Carphone Warehouse’s structure over the years has shifted constantly, but founder Charles Dunstone remains a very smart businessman.

Carphone Warehouse’s structure over the years has shifted constantly, but founder Charles Dunstone remains a very smart businessman.

It is standard practice in business to try to buy low and sell high, but Carphone supremo Charles Dunstone and his management team took this mantra to new levels in their dealings with the American electricals giant Best Buy. Five years ago he sold them a 50% stake in the core business for £1.1bn and he has just bought it back from them for just £471m, which must be one of the “Deals of the Century”.

In the intervening period, a lot of shareholder’s money was poured down the drain in the doomed attempt to introduce the Best Buy “big box” format to the UK market and perhaps it’s best to draw a veil over that venture, but Carphone certainly made good money out of their US joint venture in mobile phones with Best Buy, so the overall equation still stacks up well for Carphone Warehouse. And they retain a buying relationship in mobile phones with Best Buy and the rights to the “Geek Squad” name for their IT advice centres.

Life after Best Buy goes on and Charles Dunstone made clear at the final results presentation to analysts yesterday that a key reason for the timing of the recent deal with Best Buy was that Carphone is keen to have the freedom to make decisions on all the new business opportunities which are opening up, without the need to refer back to their friends in the US.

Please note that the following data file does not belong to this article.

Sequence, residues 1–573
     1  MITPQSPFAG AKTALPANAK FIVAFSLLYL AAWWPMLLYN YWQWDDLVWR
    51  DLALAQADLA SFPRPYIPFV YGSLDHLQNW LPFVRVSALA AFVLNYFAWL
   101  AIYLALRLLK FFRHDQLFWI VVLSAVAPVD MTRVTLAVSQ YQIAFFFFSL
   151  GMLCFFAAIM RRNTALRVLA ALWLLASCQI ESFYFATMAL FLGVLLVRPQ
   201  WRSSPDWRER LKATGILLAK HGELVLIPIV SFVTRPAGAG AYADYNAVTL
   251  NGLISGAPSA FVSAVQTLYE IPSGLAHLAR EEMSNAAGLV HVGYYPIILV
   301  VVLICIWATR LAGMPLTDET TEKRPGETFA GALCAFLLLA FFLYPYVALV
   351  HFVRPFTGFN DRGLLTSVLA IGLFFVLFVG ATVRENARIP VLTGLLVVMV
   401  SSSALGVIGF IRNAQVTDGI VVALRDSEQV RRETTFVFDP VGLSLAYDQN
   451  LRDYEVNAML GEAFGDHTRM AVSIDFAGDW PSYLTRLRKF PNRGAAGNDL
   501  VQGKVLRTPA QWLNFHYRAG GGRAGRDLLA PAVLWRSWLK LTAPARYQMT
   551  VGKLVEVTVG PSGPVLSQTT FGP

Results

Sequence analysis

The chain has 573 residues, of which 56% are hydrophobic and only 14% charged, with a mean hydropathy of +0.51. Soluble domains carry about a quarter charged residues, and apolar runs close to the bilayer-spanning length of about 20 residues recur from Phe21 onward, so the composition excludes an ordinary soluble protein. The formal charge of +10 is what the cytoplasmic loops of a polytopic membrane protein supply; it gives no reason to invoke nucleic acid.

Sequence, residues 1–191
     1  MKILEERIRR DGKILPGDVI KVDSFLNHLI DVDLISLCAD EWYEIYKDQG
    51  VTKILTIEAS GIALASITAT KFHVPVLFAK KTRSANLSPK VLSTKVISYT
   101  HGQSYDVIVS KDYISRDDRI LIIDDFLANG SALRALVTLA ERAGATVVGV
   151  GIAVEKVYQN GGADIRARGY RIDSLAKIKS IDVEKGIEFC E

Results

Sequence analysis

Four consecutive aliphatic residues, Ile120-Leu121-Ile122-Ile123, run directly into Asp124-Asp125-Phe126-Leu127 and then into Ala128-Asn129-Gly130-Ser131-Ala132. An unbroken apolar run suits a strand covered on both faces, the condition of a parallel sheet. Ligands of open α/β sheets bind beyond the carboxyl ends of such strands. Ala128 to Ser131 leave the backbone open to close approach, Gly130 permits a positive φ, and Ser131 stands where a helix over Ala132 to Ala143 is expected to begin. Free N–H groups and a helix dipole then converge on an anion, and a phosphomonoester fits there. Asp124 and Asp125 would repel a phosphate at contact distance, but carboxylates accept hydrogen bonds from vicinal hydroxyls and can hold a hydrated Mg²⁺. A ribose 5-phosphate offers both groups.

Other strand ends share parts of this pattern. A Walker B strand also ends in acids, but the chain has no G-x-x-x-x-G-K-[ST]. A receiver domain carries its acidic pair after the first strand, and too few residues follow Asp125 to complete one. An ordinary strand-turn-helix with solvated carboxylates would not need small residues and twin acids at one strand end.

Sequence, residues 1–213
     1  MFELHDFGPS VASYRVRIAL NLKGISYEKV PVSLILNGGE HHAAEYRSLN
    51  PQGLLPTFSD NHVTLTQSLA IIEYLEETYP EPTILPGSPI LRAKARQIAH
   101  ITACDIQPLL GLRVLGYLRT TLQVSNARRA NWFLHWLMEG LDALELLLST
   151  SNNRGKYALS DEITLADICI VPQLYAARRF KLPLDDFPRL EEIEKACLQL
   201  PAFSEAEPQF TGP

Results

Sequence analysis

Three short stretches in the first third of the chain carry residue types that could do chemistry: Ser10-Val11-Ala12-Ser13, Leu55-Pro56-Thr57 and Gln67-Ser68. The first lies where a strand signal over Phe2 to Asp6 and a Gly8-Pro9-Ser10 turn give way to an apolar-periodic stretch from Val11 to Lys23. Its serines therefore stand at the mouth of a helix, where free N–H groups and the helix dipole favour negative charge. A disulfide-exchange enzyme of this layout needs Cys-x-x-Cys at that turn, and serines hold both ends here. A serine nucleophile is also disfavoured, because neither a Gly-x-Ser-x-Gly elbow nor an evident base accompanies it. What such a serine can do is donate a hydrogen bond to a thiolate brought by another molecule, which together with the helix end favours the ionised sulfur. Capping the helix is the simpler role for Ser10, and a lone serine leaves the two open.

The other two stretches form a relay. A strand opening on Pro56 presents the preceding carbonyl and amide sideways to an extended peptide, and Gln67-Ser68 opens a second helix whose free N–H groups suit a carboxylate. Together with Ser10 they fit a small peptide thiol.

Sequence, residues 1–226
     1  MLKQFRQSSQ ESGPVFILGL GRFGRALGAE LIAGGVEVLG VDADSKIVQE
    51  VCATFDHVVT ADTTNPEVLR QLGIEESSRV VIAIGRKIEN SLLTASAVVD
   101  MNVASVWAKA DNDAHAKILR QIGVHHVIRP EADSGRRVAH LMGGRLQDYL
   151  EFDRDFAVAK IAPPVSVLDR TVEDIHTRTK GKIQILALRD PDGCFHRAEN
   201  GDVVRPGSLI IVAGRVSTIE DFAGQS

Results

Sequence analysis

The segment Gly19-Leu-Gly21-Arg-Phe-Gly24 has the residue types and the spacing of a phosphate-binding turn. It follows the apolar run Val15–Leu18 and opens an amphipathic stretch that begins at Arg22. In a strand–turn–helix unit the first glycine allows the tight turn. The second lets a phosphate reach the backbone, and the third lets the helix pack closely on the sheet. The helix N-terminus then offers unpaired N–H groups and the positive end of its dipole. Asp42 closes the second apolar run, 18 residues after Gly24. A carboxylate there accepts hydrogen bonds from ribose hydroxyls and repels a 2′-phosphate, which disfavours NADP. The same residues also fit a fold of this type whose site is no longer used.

Mobile phone retailing may seem simple to the management at Carphone, as they have been doing it successfully for over 20 years, but to many people it seems a very complicated business, involving complex negotiations with the key network operators and the management of the lucrative phone insurance and accessories add-on sales. Even the best electrical retailers, like Dixons (do you (remember “The Link” chain?) have struggled to make money in this market.

Mobile phones may have migrated into smartphones and tablets, but Carphone are right to see all this as “connected” and many other retailers are keen to bring their expertise to bear to help their customers understand the dramatic pace of change in the world of communications and computing.

Carphone flagged up yesterday that they are keen to develop their Connected World Services business as a new division, to exploit the vast array of potential partnerships available to them. And two exciting new deals were announced, in the form of joint ventures in the Netherlands and Germany with Media Markt and Metro respectively.

It was known that Carphone was trialling a mobile phone shop-in-shop operation with the giant European electrical chain Media Markt, but it is clear that the relationship in the Netherlands could quickly spread into other countries where Carphone has an existing business of its own. And the success of the similar US joint venture with Best Buy shows that these deals can be very profitable for Carphone.

The transformational deal to buy out Best Buy’s 50% stake in the core business for just £471m (in a mixture of cash and shares) will deliver impressive earnings per share accretion this year, but it also had the happy result of making the “new” Carphone a much clearer business to understand. Before, Carphone had a bizarre-looking P&L with no sales and a lot of profit, but the P&L account will now look normal and with a much more liquid shareholding base Carphone is now a proper retailing stock for the big fund management institutions to own again.

So, Carphone’s structure has changed yet again and its top management team has seen another shuffle, with Carphone Warehouse Europe chief executive Andy Harrison now promoted to be group chief executive, but the shrewd Charles Dunstone is still on the pitch and, with exciting new partnership and ventures in the pipeline, it will be fascinating to see its future progress.

About Nick Bubb

Nick Bubb has been a leading retailing analyst for over 30 years. He is a well-known commentator on UK retailing and is a founder member of the influential KPMG/Ipsos “Retail Think-Tank”.